Winter classical music preview | The New Yorker


After last year’s deprivation season, classic presenters are bouncing back with a feast of winter events that offer familiar comforts and surprising delicacies.

The Metropolitan Opera embarks on his second opera of the 21st century in as many months, the “Eurydice” (November 23-December 16). Then it pivots to a proven vacation game plan, condensing the dreamy production of Laurent Pelly de Massenet “Cinderella” in a family attraction in English (December 17-January 3) before unveiling the Art Deco version of Bartlett Sher “Rigolet” on New Year’s Eve.

The New York Philharmonic the annual “Holiday Brass” concert returns, in all its glory, to Alice Tully Hall (December 16-18). The New York Oratorio Society and Sacred music everyone brings their own COVID– friendly summary of Handel’s eternal oratorio “Messiah” at Carnegie Hall (December 20 and 21, respectively).

At 92nd Street Y, Jeremy Denk, whose memoir “Every Good Boy Does Fine” comes out in February, plays Book I of Bach’s “Well-Tempered Clavier” (December 4), and the violinist Randall Goosby plays Florence Price (December 9). In Morningside Heights, Miller Theater resumes its activities in person with a concert “Portraits of composers” of the work of Kati Agócs (December 9) and the magnificent Saint-Jean-le-Dieu cathedral hosts free events by the Saint-Luc Orchestra (November 19) and American Symphony Orchestra (December 16).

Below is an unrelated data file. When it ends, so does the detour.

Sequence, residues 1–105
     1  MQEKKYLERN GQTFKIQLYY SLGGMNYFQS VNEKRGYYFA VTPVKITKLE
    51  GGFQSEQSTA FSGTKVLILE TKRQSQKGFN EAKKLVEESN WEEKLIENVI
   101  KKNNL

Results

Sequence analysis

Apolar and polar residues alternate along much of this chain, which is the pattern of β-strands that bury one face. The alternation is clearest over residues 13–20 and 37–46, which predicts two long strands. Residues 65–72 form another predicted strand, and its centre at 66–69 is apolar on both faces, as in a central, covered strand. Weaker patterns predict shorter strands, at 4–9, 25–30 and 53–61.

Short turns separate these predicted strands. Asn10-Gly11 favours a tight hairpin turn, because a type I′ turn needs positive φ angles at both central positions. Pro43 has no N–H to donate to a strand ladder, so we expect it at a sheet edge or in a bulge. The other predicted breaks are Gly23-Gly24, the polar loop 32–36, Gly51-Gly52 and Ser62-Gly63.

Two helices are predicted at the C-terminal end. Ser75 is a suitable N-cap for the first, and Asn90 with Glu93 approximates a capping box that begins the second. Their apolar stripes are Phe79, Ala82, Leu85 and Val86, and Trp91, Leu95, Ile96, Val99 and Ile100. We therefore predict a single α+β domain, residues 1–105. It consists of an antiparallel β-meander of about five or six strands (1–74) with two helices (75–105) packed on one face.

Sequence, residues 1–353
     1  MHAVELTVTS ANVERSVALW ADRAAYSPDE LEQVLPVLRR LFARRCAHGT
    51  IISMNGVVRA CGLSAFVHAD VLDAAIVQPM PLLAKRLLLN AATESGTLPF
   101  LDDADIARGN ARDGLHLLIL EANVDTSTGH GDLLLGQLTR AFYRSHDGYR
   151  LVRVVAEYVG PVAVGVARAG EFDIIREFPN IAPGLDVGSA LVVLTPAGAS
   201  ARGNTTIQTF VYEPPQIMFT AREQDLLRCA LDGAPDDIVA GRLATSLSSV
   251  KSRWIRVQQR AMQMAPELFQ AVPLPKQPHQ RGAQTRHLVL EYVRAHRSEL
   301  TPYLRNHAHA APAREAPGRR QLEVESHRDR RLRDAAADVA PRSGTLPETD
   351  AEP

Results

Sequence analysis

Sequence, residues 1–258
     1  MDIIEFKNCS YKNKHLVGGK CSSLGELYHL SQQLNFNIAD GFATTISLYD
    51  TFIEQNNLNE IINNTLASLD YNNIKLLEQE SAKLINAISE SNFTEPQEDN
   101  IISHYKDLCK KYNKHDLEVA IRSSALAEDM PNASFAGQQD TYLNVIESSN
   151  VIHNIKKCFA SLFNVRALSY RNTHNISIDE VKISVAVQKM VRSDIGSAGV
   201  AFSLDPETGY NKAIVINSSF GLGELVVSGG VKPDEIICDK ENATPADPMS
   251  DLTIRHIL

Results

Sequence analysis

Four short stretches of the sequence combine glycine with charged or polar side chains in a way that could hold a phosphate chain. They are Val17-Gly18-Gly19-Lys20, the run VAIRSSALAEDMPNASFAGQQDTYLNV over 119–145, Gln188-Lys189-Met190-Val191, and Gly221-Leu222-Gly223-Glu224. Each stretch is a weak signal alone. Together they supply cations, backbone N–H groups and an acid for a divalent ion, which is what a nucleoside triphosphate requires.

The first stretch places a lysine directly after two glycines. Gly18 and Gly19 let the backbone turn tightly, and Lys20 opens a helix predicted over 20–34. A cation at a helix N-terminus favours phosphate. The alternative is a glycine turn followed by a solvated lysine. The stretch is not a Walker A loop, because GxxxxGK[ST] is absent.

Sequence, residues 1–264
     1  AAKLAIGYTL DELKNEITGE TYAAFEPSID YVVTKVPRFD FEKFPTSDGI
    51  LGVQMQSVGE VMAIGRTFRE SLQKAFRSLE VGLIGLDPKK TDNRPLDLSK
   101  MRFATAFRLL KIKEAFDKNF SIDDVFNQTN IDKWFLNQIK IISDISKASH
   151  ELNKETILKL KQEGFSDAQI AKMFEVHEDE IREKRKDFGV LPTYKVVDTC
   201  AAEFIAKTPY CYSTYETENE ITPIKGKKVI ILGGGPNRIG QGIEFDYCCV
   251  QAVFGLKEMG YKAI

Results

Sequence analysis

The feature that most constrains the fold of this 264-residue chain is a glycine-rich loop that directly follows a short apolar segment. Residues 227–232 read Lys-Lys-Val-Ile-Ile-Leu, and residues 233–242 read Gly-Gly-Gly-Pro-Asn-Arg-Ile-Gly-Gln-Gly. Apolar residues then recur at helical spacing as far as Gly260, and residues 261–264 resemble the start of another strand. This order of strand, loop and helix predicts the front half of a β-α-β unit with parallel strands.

The Prototypes festival, marking ten years of essential contemporary opera and musical theater, rushes into the post-holiday void of the classic calendar with a barrage of premieres (January 7-16). Drag artist and “genius” scholarship recipient MacArthur Taylor Mac portrays Socrates in ” The shot “, a queer reinvention of the philosopher’s final hours, and hip-hop-jazz group Soul Inscribe tells the story of marijuana in “Cannabis! A Vaudeville Viper.

A constant stream of stars, including Igor levit (January 13), Maxime Vengerov (January 20), and Renee fleming (January 23), walk through the gilded Carnegie Hall front stage and the Painter Pianist Vikingur Ólafsson makes its expected debut at Zankel Hall (February 22). The Lincoln Center Chamber Music Society premieres in New York the chamber opera “A Song by Mahler” by Marc Neikrug (February 17) and the string quartet “Breathing Statues” by Anna Clyne (March 24). Death of the classic, which has a series of concerts in a crypt and another in a catacomb, unearths a third underground space, under the Episcopal Church of St.George, for “The cave sessions”, inaugurated by violinist Jennifer Koh (February 8-28). ??


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